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White house Communications Director Anthony Scaramucci (R)), flanked by White House Press Secretary Sarah Sanders, blows a kiss to reporters after addressing the daily briefing at the White House in Washington, July 21, 2017. .(Photo by: REUTERS)
Scaramucci apologizes for Holocaust poll gaffe
After his media company posted a poll questioning the number of victims that were murdered in the Holocaust, the former White House communications director found himself in some serious hot water.
After the intense backlash to a Holocaust-related poll posted on his media company's Twitter account, Anthony Scaramucci repeatedly apologized and promised to donate $25,000 to the Simon Wiesenthal Center.

"On behalf of the @ScaramucciPost we will be making a $25,000 donation to The Simon Wiesenthal Center," the former White House communications director wrote on Tuesday night. "Hopefully I spelled that right," he added, with a laughing face emoji.

Rabbi Abraham Cooper, associate dean of the Simon Wiesenthal Center, told The Jerusalem Post it will funnel any funds from Scaramucci to further Holocaust education. 

"We will assign any donation that Mr. Scaramucci makes to continue our four-decade commitment to teach young Americans the truth about the Nazi Holocaust," said Cooper, "the most documented genocide in the history of the world."

Scaramucci faced a wave of criticism after Lance Laifer, his partner in Scaramucci Post, his vague media venture, posted a poll on Twitter asking people to select how many Jews they thought were killed in the Holocaust. The four options ranged from "Less than 1 million" to "More than 5 million." Most historians agree that close to six million Jews were murdered by the Nazis during World War II.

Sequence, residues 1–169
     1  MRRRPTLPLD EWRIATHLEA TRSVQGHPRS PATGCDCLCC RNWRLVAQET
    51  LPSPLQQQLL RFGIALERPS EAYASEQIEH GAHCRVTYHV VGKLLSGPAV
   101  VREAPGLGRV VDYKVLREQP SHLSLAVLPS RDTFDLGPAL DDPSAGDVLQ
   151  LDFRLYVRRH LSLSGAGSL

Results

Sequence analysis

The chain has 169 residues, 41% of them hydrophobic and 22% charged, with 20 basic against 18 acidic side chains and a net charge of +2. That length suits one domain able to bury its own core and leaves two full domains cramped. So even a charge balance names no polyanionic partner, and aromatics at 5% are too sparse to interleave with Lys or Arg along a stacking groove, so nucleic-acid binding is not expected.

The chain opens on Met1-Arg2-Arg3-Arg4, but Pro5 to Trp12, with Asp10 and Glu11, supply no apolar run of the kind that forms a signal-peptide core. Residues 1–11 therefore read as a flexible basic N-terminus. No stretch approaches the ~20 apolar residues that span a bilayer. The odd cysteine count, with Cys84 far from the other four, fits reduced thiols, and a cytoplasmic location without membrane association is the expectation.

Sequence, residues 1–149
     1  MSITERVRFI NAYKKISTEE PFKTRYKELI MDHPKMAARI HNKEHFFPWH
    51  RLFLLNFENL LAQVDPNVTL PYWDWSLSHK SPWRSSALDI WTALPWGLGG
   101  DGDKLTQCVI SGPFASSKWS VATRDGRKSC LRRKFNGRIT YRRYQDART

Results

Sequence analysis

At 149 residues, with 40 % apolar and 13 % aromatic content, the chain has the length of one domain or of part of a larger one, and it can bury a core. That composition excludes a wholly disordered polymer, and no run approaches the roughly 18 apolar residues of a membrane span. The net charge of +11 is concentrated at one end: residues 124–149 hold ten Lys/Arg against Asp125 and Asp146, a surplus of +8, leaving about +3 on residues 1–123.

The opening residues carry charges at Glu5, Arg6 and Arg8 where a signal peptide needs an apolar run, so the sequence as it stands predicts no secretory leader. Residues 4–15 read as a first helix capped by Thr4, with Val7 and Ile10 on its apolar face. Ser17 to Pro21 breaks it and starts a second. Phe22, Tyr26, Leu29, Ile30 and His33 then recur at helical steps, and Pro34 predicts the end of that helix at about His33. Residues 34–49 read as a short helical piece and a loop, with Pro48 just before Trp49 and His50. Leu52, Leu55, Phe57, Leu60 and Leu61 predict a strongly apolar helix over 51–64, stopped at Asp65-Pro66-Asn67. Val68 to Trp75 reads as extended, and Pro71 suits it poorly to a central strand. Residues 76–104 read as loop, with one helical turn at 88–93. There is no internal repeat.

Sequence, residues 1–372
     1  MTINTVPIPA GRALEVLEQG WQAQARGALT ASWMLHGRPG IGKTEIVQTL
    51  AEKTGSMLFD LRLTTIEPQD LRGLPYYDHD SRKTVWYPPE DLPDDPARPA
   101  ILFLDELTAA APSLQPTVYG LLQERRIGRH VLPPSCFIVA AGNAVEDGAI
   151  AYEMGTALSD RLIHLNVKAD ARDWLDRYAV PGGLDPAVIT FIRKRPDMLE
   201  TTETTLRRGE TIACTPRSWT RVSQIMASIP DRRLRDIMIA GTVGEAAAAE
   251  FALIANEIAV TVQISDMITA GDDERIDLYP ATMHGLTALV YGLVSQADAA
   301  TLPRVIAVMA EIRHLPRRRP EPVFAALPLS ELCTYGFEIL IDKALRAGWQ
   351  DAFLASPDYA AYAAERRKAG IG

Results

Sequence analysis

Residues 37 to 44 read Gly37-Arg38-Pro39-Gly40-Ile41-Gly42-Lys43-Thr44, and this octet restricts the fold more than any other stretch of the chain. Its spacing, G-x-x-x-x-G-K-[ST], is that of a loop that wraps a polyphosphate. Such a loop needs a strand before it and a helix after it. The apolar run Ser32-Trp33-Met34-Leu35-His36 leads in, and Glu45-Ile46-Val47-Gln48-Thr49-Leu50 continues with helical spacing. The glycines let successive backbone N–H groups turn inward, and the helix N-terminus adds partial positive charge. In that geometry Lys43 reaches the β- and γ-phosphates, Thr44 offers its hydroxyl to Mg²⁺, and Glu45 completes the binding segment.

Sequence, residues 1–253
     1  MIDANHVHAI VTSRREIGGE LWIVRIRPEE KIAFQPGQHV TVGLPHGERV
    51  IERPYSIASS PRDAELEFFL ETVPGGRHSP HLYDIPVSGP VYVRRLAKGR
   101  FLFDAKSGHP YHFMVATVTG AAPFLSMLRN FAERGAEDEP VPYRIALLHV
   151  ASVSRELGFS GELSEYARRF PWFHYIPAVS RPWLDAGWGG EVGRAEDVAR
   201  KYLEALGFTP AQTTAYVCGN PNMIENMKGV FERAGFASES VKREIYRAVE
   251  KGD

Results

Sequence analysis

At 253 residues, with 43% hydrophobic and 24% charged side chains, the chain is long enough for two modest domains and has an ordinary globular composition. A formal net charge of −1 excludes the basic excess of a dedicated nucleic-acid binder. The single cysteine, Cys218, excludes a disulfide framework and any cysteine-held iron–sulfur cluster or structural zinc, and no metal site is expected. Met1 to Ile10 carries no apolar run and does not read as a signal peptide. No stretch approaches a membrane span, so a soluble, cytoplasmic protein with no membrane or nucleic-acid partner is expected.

Cooper said that the poll was "all about context."

"If this question was posed as part of a comprehensive polling about what Americans know about the Nazi Holocaust, that’s one thing," he said. "Taken in isolation, it feeds inappropriate and deeply troubling ongoing efforts by extremists on both sides of the Atlantic to deny or diminish the Shoah."

The poll was pulled, and repeated apologies were posted. Scaramucci, who was fired from the White House earlier this year after an extremely brief and very colorful tenure, said the poll was posted by Laifer without his knowledge. He said the idea was to promote Holocaust awareness, coming on the heel of several tweets about a pulled Anne Frank Halloween costume.

"As soon as I found out, I had it removed immediately,” he wrote on Twitter. “It is the Scaramucci Post and the buck stops with me... I am pained imagining that my post led anyone to believe I am giving comfort to Holocaust deniers. Nothing can be further from the truth. I have publicly criticized the white supremacy movement and understand that the Holocaust was one of the most abhorrent moments in world history. Six million Jews and millions of others lost their lives.”

Scaramucci has never been entirely clear on what "The Scaramucci Post" will do or offer. It currently consists of a Twitter feed and an Instagram account.

The poll itself garnered swift and angry reactions. The Anti-Defamation League posted that "This question is beyond resolved @scaramuccipost. Take it down." CNN reporter and anchor Jake Tapper asked "What the actual f— is this," and Washington Post reporter Dave Weigel said "Scaramucci is on minute 102 of his 15 minutes."
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